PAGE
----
Turpin’s day is altogether too gray until an imposing figure climbs into his taxicab. Turpin delivers the gentleman to his destination and shortly thereafter discovers a bright red scarf on the seat of the cab.
Turpin chases after the mysterious man but is detained by a lizard on a unicycle. Once he explains his purpose, the lizard allows him to pass. Turpin soon finds himself surrounded by a bear on roller skates, and a ravenous lion. Fortunately, the lion tamer is not far away and rescues him before the worst can happen.
Now, surrounded by amazing colour and exotic creatures, Turpin’s day grows stranger and stranger until he finds himself in the middle of a brightly lit circus tent. A parading elephant, a fire breathing juggler, a playful monkey, a tightrope and a magic trick all add to the hijinks as Turpin struggles to return the scarf.
Originally published as L’echarpe rouge, this almost wordless picture book won the 2000 Governor General’s Literary Award for Children’s Illustration.
Wordless picture books are great for encouraging language development in young children. These books usually tell a story, clearly depicting a series of events. Before attempting to tell a ’story’, children should be encouraged to look through the entire book and get a sense of what is about to happen and how the story ends. Many children delight in the discovery that there are no words to ‘read.’ This can make for an exciting role reversal as young children have an opportunity to ‘read’ the pictures and ‘tell’ the story to an adult or another child.
I am happy to introduce two new special wordless picture books… Once Upon a Banana written by Jennifer Armstrong and illustrated by David Small Almost Wordless Picture Book published by Simon and Schuster
In this (almost) wordless picture book, hilarious events are set in motion when a small monkey tosses a banana peel onto a sidewalk. Before long it would appear that the entire town is upset – dogs break loose, a cyclist goes flying, a grocery cart is upended and, oh no, look at that baby carriage! Terrific fun.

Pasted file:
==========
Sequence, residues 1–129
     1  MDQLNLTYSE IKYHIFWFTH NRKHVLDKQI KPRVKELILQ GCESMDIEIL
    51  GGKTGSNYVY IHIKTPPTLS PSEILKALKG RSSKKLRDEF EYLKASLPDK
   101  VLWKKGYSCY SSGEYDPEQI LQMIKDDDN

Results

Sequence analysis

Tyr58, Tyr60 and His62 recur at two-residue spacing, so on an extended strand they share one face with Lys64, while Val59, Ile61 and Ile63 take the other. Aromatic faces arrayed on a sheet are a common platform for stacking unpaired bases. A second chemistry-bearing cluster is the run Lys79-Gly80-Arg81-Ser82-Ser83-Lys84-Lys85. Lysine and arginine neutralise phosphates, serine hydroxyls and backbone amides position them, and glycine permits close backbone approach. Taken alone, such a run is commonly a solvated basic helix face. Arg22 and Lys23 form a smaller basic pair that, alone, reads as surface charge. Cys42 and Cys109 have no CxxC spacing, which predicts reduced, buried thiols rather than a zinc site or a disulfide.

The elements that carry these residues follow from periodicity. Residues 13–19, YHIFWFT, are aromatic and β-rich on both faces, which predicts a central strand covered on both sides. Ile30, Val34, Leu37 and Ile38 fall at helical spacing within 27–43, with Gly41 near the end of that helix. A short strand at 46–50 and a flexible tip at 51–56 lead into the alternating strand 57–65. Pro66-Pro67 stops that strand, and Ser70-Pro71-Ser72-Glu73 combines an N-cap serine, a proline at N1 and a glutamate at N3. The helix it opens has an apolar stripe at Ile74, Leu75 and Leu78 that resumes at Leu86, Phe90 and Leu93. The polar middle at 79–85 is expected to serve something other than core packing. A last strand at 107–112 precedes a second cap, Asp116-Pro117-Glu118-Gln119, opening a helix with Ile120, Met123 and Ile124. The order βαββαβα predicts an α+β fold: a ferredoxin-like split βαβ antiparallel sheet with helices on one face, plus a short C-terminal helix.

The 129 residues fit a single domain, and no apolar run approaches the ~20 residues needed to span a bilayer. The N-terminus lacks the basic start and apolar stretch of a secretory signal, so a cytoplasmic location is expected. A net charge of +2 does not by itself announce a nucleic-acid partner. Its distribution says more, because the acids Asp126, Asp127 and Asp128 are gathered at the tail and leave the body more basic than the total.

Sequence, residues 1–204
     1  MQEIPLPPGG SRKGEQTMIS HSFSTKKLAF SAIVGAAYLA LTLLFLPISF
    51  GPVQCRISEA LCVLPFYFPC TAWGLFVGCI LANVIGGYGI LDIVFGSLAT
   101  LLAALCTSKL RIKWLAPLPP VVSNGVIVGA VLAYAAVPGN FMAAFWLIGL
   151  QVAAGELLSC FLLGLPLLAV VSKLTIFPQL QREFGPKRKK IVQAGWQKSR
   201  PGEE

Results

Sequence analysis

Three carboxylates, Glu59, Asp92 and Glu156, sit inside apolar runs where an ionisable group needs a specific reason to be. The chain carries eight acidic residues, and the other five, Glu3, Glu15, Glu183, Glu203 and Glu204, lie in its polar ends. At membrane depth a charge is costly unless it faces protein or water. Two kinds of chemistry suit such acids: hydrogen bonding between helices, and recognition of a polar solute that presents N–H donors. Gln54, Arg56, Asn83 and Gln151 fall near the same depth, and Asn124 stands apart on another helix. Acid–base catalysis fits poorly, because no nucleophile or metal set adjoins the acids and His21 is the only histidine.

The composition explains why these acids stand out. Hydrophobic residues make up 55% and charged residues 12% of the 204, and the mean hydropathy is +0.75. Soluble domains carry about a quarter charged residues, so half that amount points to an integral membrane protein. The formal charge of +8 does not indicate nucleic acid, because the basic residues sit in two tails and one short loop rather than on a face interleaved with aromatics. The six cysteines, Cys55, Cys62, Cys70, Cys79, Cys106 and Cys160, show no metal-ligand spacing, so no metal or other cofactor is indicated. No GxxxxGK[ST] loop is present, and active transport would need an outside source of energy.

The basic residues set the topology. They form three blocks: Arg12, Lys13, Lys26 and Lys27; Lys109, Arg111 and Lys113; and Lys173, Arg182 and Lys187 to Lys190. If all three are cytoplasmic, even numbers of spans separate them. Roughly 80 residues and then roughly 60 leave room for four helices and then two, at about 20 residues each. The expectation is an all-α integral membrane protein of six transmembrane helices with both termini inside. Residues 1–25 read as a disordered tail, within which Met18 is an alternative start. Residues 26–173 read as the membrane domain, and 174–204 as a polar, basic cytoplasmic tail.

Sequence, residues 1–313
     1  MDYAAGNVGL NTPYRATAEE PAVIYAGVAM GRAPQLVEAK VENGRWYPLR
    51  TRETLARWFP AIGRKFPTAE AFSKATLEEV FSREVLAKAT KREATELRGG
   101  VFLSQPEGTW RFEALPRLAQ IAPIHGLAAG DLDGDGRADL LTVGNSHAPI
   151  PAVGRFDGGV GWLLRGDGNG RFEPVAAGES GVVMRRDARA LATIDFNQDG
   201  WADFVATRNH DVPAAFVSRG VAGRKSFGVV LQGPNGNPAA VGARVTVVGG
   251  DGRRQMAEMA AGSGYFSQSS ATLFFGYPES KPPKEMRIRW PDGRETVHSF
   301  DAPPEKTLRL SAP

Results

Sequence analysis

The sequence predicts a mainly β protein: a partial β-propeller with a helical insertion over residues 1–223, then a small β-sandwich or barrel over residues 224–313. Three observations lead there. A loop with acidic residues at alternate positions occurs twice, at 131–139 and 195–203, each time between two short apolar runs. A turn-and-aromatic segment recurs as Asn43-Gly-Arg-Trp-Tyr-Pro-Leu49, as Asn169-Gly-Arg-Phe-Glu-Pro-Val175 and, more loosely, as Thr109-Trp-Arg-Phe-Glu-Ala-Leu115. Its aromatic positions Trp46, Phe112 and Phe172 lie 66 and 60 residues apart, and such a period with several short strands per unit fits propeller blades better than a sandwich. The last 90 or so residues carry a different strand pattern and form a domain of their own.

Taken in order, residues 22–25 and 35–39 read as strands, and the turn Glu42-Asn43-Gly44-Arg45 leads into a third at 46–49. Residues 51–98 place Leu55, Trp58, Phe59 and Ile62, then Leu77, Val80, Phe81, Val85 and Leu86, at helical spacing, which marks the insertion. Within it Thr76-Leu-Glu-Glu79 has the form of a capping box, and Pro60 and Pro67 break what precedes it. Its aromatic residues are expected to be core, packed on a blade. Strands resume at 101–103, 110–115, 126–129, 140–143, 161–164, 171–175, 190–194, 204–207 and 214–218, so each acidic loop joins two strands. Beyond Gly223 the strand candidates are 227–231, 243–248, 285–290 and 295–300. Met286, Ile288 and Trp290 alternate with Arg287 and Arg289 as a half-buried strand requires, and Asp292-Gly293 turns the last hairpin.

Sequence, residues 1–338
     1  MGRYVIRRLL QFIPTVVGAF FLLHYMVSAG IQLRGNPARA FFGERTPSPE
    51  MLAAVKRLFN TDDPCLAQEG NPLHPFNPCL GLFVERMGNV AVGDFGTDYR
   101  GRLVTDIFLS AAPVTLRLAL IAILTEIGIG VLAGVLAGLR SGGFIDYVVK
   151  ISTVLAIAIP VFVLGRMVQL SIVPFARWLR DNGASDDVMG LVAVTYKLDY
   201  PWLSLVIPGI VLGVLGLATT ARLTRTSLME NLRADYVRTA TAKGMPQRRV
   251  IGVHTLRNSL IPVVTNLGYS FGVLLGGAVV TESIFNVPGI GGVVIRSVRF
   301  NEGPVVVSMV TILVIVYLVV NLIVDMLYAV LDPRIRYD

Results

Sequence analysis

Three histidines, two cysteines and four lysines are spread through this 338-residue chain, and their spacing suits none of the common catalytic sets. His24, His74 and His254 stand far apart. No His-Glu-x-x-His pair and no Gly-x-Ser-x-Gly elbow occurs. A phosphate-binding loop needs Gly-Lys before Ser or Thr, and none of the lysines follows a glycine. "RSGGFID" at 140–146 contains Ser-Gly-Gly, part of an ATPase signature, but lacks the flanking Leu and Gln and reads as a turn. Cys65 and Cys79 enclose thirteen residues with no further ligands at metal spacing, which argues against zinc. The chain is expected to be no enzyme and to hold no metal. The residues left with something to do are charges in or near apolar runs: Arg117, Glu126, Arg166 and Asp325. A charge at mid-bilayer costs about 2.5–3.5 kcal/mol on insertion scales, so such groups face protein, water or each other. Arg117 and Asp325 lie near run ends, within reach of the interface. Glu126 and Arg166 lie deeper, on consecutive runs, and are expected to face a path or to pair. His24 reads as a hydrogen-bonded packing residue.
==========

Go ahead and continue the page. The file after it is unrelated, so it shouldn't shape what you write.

Here, we join a boy and his family as they spend a day at the beach. Clearly an enthusiastic scientist, he arrives equipped with binoculars, a magnifying glass and a microscope. As he searches for interesting ‘flotsam’, a huge wave crashes over him and leaves an old underwater camera just above the waterline. The boy races to a nearby shop and waits as the film is developed. When handed the photos, he can’t believe what they reveal. Flotsam is truly a ‘treasure chest’ of visual delights.
This is pure fun for storytime. When Matthew visits the Metro Zoo, he loves to watch the monkeys. He wonders why they eat so many bananas. As an experiment, Matthew decides that he will eat only bananas – morning, noon and night. He persists for days and days until, ‘Kablooey!’ Matthew changes into a playful monkey. Wanting their little boy back, Matthew’s parents try everything. Alas, Matthew likes things the way they are and soon has his classmates and principal chomping bananas. At last, after admiring an African elephant at the zoo, Matthew decides he would like to change his menu – to peanuts! The Boy Who Loved Bananas won Ontario’s 2006 Blue Spruce Award. It is boisterous fun for children aged three to seven years.
I love the idea of making this story an inspiration for young writers. If they had the chance, what would they choose to eat and what might happen if they did?
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